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Divisadero (2007)

by Michael Ondaatje

Other authors: See the other authors section.

MembersReviewsPopularityAverage ratingMentions
2,095755,412 (3.53)132
In California, then the Nevada casino's, 1970 a makeshift family of a father, daughter, adopted daughter and farm hand's lives are shattered by a traumatic event and they are sent off on separate courses.
  1. 00
    Three Junes by Julia Glass (eveninglightwriter)
    eveninglightwriter: While Ondaatje is definitly more poetic in his descriptions, Julia Glass is just as enjoyable. I really felt myself swept away by both books. There seems to be a strong sense of place and time that both writers portray beautifully.
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» See also 132 mentions

English (71)  French (1)  Norwegian (1)  All languages (73)
Showing 1-5 of 71 (next | show all)
I listened to this quite some time ago and failed to make a journal entry here about it, sorry to say. I had to check out some other reviews to remind myself of it.

It's a wide-ranging novel. Some reviewers found the breadth of time as well as space wonderful. I didn't particularly. But let's look at it:

Claire and Anna grow up as twin sisters, although they are from different mothers. They have been close all their lives. Then Coop enters their lives in the 1970s, as a farmhand for their father. One thing leads to another and 16-year-old Anna and Coop become close. Anna's father is so incensed that he beats Coop almost to death (this happens quite close to the beginning so I am not giving away a whole lot). This action divides the family. While much of the action of the novel takes place on Divisadero in San Francisco, I think the title really refers to the breaking up of the family, including Coop. The three young people head in different directions from that day.

The two sisters and Coop lead very different separate lives. Beyond their lives we are treated to past lives, ancestors, leading up to the present. There are many stories here. They intertwine and wander off and connect again. It can be frustrating to keep track. I think because of the form of the novel that it might have been better to have read it in printed form rather than listen to the audio version. When I couldn't remember who was who I just kept on rather than try to flip back a few pages, because in audio it is harder to do that.

Others have called this Ondaatje's greatest novel. I didn't get that from it, although it was intriguing. It's possible, even probable, that I would have thought more highly of it if I had read it in printed form. ( )
  slojudy | Sep 8, 2020 |
Beautiful passages but questions about Ondaatje's storytelling. ( )
  kvschnitzer | Dec 8, 2019 |
Read it for the prose, he's a great writer who writes landscapes beautifully, and people quite well, if not as beautifully as the people. He takes you to some beautiful places. There's a temporal and story shift towards the end of the book that I did not like at all because it took me away from characters I was enjoying to one I had no connection with, but I would read the book anyway. ( )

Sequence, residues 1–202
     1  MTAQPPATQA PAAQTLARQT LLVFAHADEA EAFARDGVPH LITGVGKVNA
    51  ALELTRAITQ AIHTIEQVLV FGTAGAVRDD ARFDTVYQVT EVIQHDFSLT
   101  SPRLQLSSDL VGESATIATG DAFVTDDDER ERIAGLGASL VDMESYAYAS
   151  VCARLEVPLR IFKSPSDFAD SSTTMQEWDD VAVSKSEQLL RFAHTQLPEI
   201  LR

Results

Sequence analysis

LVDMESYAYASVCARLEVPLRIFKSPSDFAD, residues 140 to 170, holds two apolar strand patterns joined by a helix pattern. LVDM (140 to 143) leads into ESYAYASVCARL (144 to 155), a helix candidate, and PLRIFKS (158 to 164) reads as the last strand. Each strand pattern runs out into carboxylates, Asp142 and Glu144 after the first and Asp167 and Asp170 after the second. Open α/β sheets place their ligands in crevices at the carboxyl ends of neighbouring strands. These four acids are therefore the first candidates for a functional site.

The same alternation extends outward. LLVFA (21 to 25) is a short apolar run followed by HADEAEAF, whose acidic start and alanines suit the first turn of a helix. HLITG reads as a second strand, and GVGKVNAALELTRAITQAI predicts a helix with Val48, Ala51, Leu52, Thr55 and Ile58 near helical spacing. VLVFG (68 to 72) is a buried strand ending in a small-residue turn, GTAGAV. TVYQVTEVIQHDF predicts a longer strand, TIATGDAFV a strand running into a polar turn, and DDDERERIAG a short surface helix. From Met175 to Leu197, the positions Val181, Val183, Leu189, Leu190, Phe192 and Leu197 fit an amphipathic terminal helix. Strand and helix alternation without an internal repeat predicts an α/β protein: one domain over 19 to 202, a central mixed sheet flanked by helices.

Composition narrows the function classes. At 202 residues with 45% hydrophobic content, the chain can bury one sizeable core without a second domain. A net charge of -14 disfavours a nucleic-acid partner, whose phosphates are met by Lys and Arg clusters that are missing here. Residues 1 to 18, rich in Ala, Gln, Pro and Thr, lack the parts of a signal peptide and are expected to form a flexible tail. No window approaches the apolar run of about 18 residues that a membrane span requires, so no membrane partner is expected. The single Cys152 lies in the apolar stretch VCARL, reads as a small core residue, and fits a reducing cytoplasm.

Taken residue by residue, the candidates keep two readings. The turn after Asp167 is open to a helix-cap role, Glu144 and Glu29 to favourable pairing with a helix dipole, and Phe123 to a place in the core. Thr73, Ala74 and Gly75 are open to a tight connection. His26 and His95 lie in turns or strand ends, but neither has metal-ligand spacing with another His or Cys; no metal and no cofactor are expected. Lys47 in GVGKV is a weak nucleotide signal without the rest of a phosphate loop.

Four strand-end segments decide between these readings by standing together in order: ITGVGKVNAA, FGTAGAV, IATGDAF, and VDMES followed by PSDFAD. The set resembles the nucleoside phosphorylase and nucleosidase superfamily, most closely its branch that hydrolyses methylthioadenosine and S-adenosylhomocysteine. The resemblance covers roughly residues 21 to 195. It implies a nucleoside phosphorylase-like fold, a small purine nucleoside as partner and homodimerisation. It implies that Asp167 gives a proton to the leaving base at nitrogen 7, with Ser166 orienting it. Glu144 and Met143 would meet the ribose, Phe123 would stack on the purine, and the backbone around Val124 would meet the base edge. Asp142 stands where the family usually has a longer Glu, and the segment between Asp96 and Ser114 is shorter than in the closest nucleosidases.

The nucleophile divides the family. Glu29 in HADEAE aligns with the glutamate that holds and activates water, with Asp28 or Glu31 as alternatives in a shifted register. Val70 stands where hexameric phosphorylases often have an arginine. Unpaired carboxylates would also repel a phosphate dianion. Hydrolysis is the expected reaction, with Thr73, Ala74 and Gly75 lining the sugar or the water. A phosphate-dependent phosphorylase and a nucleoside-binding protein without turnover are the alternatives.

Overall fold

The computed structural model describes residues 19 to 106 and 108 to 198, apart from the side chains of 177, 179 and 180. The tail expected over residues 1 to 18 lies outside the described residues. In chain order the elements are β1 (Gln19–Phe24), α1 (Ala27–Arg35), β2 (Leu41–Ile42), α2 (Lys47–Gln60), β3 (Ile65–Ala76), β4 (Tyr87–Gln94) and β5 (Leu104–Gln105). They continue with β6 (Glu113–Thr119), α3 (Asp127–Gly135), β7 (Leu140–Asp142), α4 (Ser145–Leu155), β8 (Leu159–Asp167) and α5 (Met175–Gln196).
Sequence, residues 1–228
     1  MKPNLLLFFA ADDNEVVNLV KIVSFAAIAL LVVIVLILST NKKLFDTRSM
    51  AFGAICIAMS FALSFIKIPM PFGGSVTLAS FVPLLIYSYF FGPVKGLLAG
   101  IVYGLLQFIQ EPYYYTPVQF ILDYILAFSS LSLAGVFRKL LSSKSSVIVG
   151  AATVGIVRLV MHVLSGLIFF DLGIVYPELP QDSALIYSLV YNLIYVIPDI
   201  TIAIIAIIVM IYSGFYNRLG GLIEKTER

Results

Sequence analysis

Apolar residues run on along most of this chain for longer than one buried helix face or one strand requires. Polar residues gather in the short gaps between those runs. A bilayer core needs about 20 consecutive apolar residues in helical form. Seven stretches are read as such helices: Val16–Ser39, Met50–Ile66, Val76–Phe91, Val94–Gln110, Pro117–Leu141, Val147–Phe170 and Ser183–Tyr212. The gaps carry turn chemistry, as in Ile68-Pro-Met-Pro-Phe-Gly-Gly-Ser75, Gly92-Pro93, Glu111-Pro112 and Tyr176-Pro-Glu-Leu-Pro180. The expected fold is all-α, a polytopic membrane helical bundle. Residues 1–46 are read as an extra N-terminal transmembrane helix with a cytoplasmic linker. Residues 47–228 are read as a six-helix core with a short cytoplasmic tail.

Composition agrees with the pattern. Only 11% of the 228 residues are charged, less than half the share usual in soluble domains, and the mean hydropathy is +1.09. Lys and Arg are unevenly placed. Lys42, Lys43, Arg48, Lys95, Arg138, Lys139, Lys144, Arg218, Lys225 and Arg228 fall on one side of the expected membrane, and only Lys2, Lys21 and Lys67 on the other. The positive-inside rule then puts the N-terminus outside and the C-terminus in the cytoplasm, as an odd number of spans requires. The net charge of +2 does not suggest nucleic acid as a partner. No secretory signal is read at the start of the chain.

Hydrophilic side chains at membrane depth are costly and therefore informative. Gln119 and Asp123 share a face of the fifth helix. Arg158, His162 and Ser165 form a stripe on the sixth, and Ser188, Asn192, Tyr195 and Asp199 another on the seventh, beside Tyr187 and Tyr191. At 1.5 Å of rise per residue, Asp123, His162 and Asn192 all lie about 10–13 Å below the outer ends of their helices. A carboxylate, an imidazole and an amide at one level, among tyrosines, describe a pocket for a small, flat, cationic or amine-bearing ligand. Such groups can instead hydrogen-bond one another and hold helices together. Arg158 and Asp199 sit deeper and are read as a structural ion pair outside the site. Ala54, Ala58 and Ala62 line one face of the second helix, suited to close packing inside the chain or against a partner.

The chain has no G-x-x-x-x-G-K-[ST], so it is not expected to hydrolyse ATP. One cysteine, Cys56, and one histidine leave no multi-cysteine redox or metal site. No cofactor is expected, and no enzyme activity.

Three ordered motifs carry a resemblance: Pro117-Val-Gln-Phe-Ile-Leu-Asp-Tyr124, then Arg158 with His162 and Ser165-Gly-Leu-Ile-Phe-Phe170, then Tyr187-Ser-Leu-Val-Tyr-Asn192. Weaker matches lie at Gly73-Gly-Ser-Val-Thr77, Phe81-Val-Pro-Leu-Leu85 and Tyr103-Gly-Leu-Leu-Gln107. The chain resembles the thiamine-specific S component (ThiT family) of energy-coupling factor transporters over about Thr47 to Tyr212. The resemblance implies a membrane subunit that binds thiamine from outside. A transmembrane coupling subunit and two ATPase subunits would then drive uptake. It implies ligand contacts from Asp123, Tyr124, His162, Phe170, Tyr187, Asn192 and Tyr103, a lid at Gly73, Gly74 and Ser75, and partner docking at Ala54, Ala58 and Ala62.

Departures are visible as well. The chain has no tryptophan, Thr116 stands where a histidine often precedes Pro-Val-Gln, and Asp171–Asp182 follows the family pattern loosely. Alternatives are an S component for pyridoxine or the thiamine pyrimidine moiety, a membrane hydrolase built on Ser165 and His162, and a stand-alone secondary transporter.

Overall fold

RekhainBC | Feb 15, 2019 |
His dreamily seductive writing will beguile and hold the reader. Occasionally, when Ondaatje comes down to earth, such as a mention of the Persian Gulf war, does he lose the spellbinding quality with a reminder that there is a real world out there. It's not that this is poetic in a flowery way, in fact there are some brutal scenes in this diverging (divisidero?) story yet they do not detract from its elegance. However, to take in the subtleties, Ondaatje's novels require the reader's attention, this one maybe more than any other. The strange thing about reading Ondaatje is that I can hear his velvet voice, in the same way I can hear my mother's voice when I read her letters. ( )
  VivienneR | Jan 3, 2019 |
Four stars for the first two-thirds of the book. After that it went off on a tangent with someone who was previously a minor character. Three stars for that section. ( )
  DougJ110 | Aug 4, 2018 |
Showing 1-5 of 71 (next | show all)
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» Add other authors (23 possible)

Author nameRoleType of authorWork?Status
Michael Ondaatjeprimary authorall editionscalculated
Calil, Augusto PachecoTranslatorsecondary authorsome editionsconfirmed
Walz, MelanieTranslatorsecondary authorsome editionsconfirmed
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Epigraph
Dedication
For John and Beverly
and in loving memory of Creon Corea
- remembered by us as 'Egilly"
First words
When I came to lie in your arms, you sometimes ask me in which historical moment do I wish to exist.
Quotations
Wij hebben kunst opdat wij niet door de waarheid zullen worden vernietigd (Nietzsche)
“There is the hidden presence of others in us, even those we have known briefly. We contain them for the rest of our lives, at every border that we cross.”
So we fall in love with ghosts.
With memory, with the reflection of an echo, a gate opens both ways. We can circle time. A paragraph or an episode from another era will haunt us in the night, as the words of a stranger can.
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(Click to show. Warning: May contain spoilers.)
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In California, then the Nevada casino's, 1970 a makeshift family of a father, daughter, adopted daughter and farm hand's lives are shattered by a traumatic event and they are sent off on separate courses.

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